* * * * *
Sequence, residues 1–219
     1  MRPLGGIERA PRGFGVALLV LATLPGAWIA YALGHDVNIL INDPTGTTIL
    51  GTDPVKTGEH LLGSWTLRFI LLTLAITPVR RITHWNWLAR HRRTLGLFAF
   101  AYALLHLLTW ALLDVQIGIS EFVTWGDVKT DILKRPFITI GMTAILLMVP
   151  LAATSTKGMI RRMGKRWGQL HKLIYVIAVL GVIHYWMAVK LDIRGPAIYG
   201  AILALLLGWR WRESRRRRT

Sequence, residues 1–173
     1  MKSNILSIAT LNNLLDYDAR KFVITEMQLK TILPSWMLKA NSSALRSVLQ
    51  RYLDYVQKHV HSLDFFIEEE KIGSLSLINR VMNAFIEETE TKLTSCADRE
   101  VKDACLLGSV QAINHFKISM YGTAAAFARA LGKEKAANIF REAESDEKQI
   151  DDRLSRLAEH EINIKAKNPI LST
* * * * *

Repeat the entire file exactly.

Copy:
Sequence, residues 1–219
     1  MRPLGGIERA PRGFGVALLV LATLPGAWIA YALGHDVNIL INDPTGTTIL
    51  GTDPVKTGEH LLGSWTLRFI LLTLAITPVR RITHWNWLAR HRRTLGLFAF
   101  AYALLHLLTW ALLDVQIGIS EFVTWGDVKT DILKRPFITI GMTAILLMVP
   151  LAATSTKGMI RRMGKRWGQL HKLIYVIAVL GVIHYWMAVK LDIRGPAIYG
   201  AILALLLGWR WRESRRRRT

Sequence, residues 1–173
     1  MKSNILSIAT LNNLLDYDAR KFVITEMQLK TILPSWMLKA NSSALRSVLQ
    51  RYLDYVQKHV HSLDFFIEEE KIGSLSLINR VMNAFIEETE TKLTSCADRE
   101  VKDACLLGSV QAINHFKISM YGTAAAFARA LGKEKAANIF REAESDEKQI
   151  DDRLSRLAEH EINIKAKNPI LST